Veterans Day is one confusing holiday

Veterans Day 2013 at the National World War II Memorial in Washington, D.C.


By LYNN WALKER | Times Record News, Wichita Falls, Texas (MCT) | Published: November 8, 2014

Veterans Day has to be the most confusing holiday on the calendar.

And, yes, it is a holiday — unlike some of those quasi-holiday observances we sometimes confuse with the real deal, such as Valentine’s Day, St. Patrick’s Day and Halloween. Veterans Day is a federal holiday. However, it is not a holiday that everybody takes. More on that later.

Now, what is the correct way to write this holiday? Is it

A. Veteran’s Day
B. Veterans’ Day
C. Veterans Day

The correct answer is C. Veterans Day. The U.S. Department of Veterans Affairs explains that if the word were to have an apostrophe it would imply the day belongs to a single veteran (Veteran’s) or all veterans (Veterans’). But the holiday is not possessed by anybody. It is a holiday to honor veterans — therefore it is plural (Veterans).

Which brings up another point of frequent confusion. Veterans Day and Memorial Day are not the same holiday and have entirely different purposes. Veterans Day is intended to honor all who have served in the military. Memorial Day honors those who gave their lives in service to their country. The confusion is probably understandable given that veterans and veterans’ groups are usually quite involved in Memorial Day activities.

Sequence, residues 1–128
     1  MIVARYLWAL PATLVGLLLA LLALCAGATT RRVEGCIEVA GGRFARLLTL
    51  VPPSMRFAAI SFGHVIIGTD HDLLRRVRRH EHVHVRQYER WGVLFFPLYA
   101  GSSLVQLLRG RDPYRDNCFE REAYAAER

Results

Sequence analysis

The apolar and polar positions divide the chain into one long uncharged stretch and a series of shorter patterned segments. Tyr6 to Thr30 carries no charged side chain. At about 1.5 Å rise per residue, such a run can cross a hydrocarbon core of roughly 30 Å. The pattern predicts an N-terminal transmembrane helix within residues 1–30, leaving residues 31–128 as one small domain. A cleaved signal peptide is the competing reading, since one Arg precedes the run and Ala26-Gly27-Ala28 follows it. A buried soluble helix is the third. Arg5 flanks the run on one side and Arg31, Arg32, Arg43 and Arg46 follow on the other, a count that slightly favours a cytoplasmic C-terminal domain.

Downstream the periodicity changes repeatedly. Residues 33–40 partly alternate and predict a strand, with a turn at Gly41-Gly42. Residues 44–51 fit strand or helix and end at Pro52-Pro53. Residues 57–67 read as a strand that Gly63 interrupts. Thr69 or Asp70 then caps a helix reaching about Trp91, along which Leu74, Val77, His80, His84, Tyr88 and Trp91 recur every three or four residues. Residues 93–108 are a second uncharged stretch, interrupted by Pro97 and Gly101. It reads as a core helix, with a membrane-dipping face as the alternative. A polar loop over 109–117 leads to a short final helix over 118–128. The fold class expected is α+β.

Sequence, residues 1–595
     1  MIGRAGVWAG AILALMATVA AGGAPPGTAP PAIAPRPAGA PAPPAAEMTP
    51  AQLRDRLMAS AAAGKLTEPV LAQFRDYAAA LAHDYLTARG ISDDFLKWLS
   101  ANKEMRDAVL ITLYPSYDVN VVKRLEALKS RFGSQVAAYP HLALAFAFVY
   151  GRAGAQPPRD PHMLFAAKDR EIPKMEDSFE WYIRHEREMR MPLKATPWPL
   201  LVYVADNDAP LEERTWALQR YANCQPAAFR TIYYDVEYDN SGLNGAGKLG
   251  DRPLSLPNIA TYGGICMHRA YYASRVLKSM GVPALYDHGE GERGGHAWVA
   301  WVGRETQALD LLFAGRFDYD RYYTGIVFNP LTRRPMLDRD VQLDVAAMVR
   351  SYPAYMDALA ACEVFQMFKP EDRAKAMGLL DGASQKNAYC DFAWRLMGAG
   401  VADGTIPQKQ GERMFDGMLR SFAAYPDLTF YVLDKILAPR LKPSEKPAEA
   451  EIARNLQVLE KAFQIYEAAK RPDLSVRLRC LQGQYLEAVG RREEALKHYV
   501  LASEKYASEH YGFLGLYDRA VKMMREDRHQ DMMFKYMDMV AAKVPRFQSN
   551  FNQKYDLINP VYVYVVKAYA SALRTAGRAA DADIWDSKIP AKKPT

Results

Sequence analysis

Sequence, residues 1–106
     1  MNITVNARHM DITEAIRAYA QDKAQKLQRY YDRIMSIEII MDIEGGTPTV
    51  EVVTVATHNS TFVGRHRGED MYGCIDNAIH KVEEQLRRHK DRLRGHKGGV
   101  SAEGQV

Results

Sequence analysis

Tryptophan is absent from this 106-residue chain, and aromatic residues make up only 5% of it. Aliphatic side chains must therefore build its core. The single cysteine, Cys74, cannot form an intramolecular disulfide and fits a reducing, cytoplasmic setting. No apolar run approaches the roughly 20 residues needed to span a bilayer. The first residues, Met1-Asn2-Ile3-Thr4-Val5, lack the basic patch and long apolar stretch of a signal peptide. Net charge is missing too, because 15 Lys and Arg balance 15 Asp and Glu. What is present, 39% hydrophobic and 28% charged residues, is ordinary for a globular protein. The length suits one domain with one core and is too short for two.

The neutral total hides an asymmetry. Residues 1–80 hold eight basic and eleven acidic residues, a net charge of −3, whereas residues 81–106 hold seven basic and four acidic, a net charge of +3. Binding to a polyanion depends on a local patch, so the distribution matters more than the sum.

The next question is — when is Veterans Day?

That this can be confusing is understandable — and the U.S. government can take the lion’s share of the blame.

Veterans Day began as Armistice Day when Congress declared it a holiday in 1938. It had actually begun as a less official observance in the Woodrow Wilson administration to honor the veterans of World War I. It was observed on Nov. 11, which had been the day in 1918 when hostilities ceased on the Western Front in Europe. It was not, as many believe, the end of the war, which continued in the east. Of course, nobody referred to World War I back in those days because you couldn’t have a “first” world war until you had a second one a couple of decades later.

In other western countries, the holiday is often referred to as Remembrance Day.

While Armistice Day was originally intended to honor World War I veterans, the mood in Congress after World War II and Korea was to make it inclusive of all veterans. In 1954, Armistice Day became Veterans Day.

Now here’s where Washington really muddied the waters (imagine that!). In 1971, Congress moved Veterans Day to the fourth Monday in October to give workers an extended weekend and retailers an excuse for a three-day sale. The public raised a hue and cry — especially veterans’ groups — so President Ford wisely moved it back to Nov. 11 in 1975.

Though a recognized federal holiday, Veterans Day is not universally observed like Thanksgiving, Christmas and New Year’s. Federal offices and banks will be closed and don’t look for mail delivery. Beyond that, it’s up to local authorities. For example, Wichita County offices will be closed Tuesday, but Wichita Falls city offices will be open (no change in the trash schedule). Public schools in Wichita Falls will have class, Notre Dame will not.

Also, many veterans’ groups prefer to hold their observances on the weekend closest to Veterans Day for the convenience of participants and watchers.

Bottom line on all this?

Veterans Day (with no apostrophe) is always on Nov. 11.

©2014 the Times Record News (Wichita Fallas, Texas)
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Veterans Day 2013 at the National World War II Memorial in Washington, D.C.

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